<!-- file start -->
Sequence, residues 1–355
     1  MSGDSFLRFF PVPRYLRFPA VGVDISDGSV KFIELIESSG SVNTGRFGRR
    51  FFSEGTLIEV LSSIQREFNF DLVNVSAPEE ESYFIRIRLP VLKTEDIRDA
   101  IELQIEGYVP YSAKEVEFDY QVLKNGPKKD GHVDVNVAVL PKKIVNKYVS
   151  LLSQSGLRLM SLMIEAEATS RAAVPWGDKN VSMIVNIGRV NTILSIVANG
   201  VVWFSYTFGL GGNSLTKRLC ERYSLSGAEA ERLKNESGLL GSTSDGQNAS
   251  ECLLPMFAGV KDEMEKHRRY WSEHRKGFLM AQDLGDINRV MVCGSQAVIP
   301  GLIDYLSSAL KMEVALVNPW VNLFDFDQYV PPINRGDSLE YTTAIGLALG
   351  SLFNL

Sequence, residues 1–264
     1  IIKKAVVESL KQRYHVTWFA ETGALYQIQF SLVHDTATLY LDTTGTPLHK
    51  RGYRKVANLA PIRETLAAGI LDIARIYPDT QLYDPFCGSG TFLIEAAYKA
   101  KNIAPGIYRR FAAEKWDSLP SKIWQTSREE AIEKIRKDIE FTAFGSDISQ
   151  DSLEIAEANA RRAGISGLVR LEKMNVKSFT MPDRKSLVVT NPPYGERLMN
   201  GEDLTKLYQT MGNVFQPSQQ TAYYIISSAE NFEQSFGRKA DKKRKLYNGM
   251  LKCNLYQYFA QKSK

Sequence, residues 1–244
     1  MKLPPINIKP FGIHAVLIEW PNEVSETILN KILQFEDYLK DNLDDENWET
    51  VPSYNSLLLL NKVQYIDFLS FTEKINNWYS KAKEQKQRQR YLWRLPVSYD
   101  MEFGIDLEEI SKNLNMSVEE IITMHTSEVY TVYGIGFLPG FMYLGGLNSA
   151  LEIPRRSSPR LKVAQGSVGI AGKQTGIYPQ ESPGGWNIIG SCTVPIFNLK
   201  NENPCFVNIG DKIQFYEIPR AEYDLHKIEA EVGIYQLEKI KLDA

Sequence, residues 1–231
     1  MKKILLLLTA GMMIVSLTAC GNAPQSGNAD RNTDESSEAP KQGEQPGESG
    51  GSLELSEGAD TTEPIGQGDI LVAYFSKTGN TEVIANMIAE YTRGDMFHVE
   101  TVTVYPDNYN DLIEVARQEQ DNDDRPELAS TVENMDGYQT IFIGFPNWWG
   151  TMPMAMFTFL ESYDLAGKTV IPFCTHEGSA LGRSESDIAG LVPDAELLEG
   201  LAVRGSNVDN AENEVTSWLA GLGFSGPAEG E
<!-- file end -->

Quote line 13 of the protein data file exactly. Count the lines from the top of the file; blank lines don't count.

   101  KNIAPGIYRR FAAEKWDSLP SKIWQTSREE AIEKIRKDIE FTAFGSDISQ